8th August 1977

 

Our Ref: HNL/A/467

Messrs T. Azubuike Brothers Construction Co.,

P.O.Box 64,

Okigwe.

 

Dear Sir,

 

JOB ORDER

 

You are requested to supply and deliver to our Amaseri site ½" and Ύ" sized chippings.

 

Total quantity of ½" sized chippings required is 1400 cum at N30.00 per cum i.e. N42,000.00. Total quantity of 3/4" sized chippings required is 1000 cum at N30.00 per cum i.e. N30,000.00. The total cost of this order is N72,000.00 to be paid on the completion of the supplies. This job order shall be cancelled if not executed before the end of February, 1978."

 

and third Exhibit B which I need not copy. They are delivery notes.

 

Exhibit A, B, and D were obviously put in evidence in support of the oral evidence in proof of paragraph 5 of the plaintiff's statement of claim which for ease of reference I reproduce again here:

 

5.     The said Plaintiff's 2400 cubic yards of crushed stone chippings unlawfully removed by the defendant were purchased, and delivered to the Plaintiff by the Femaco Crushing Industry Emene for onward supply and delivery to the Hispacon Nigerian Limited, which has placed an order with the Plaintiff for the supply and delivery of 2400 cubic yards of ½" and Ύ" sized stone chippings valued at N72.000.00 (Copy of Sales Invoice will be founded upon at the trial.)

 

It is to be noted that in Exhibit A, B, and D, the transactions in question were said to be with a firm, Messrs T. Azubuike Brothers Construction Company. It is because of this that counsel for the defendant in his oral submissions to us and in the defendant's brief of argument, has submitted that the plaintiff lacked the capacity to bring this action.

 

His submissions before us ran as follows:

 

It is submitted and contended that an unregistered company such as the one reflected in EXHiBITS "A" "B" and "D" is not a non entity as it used to be under the Common Law: See

 

(a)    Business Law: Principles and Cases 4th Edition 1978 by LUSK, Hewitt, Donnell and Barnes PP.293-294 Capacity of Parties - Unincorporated Associations and Companies

 

(b)    Under English Law, for example, Unregistered Companies may be wound up under Section 399 Companies Act 1948: Re Banque des Marchands de Moscou (1958) Ch. 182 (1954) 2 All E.R. 746). By statute therefore an Unregistered Company has acquired a new status above a non-entity.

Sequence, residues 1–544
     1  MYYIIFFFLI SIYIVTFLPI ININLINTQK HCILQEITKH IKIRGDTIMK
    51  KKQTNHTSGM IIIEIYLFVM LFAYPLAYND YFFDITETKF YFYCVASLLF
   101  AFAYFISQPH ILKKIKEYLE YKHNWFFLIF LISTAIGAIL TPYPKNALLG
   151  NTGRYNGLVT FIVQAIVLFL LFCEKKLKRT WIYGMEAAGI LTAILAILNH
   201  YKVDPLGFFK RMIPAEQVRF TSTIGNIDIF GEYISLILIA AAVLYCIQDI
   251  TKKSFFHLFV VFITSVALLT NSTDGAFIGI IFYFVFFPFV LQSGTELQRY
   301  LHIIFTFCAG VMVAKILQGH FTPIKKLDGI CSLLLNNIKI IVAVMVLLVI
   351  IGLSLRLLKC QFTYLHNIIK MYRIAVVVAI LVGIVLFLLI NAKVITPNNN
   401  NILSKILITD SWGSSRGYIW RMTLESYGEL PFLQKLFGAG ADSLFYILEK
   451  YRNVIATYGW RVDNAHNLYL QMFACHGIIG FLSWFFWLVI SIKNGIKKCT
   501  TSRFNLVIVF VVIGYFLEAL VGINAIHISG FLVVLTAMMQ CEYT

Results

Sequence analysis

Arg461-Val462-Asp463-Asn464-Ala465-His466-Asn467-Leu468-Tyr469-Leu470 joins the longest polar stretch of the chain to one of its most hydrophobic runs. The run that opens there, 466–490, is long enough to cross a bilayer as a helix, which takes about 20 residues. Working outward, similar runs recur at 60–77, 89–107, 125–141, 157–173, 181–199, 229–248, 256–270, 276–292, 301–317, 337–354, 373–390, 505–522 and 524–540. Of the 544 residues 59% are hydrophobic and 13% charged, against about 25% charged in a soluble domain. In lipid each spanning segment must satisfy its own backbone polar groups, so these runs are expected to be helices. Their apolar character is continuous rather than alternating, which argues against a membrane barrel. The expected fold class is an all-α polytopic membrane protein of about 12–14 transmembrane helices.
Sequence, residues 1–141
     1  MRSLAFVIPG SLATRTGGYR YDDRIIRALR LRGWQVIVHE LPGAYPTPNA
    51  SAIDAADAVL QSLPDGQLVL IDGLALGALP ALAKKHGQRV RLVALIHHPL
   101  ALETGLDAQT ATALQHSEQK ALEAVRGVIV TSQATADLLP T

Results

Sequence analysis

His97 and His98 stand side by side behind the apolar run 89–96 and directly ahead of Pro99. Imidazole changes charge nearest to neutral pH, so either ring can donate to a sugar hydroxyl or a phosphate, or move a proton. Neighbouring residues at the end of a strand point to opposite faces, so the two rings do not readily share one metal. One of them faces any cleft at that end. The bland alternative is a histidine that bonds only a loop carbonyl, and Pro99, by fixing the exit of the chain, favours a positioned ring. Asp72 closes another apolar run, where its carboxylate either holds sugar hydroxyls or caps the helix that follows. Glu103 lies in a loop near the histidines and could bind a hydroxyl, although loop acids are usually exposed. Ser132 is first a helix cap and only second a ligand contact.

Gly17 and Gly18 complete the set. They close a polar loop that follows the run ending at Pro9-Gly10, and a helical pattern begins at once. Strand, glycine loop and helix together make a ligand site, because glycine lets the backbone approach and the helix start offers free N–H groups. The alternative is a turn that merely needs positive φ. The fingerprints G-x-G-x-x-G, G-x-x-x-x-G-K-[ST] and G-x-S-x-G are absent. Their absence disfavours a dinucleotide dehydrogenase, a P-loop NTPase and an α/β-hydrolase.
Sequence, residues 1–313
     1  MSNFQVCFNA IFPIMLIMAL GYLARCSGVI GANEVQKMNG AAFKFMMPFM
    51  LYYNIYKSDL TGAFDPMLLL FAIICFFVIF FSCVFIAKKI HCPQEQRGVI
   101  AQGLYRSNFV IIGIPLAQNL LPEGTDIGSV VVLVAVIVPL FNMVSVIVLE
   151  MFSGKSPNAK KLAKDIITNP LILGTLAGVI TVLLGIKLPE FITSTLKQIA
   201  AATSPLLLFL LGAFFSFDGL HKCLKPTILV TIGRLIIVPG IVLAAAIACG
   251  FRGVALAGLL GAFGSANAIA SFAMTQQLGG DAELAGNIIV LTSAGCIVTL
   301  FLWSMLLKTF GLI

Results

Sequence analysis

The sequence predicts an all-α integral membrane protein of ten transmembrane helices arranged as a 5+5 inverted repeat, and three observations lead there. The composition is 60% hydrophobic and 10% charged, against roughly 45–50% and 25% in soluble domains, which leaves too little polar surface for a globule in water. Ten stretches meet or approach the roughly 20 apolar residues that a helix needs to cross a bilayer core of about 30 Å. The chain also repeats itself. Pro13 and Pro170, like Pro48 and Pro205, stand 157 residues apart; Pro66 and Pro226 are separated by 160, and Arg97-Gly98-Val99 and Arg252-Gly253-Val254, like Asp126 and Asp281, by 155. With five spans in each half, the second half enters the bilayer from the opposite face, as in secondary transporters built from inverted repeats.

(c)    Under the High Court Rules of Eastern Nigeria Cap. 61, 1963, Rules 2, 3 and 6 of order IV deal with joint ground of suit, representative Capacity, Partners, in that order. Unregistered associations are hereunder accommodated in matters of who can sue or be sued.

 

(d)     Odgers Principles of Pleadigs and Practice in Civil actions in the High Court of Justice: 221st Edition: by Casson & Dennis PP.18-21

 

        In an action founded on contract, as well as on Tort, it is essential to state the parties correctly. A false start as in the present appeal, may not only entail delay and expense but could even be fatal in the sense that the remedy against even the right party may be lost for ever.

 

(e)    Under the Nigerian Companies Act, 1968, various sections have bestowed a quasi-corporate personality on Unregistered Companies distinguishing them from their owners and partners. Refer especially to SS.363-367 on Winding up of Unregistered Companies; s.379 Restricted application of the Act to Unregistered Companies; SS.414-416, 213, 360, 364-366, to mention a few, all deal with Unregistered Companies.

 

From the foregoing instances, it goes without saying, therefore, that where a person or group of persons make a representation in the name of an Unregistered Company as reflected in EXHIBITS "A", "B" and "D", contrary to the finding of the Court of Appeal on the issue, that Unregistered Company cannot be brushed aside without more, and a single or more persons springing up to make claims under the same representation or contract without reference to the Unregistered Company and without explaining what the connection is. A court of Law will not condone any such deceit or surprise contemplated.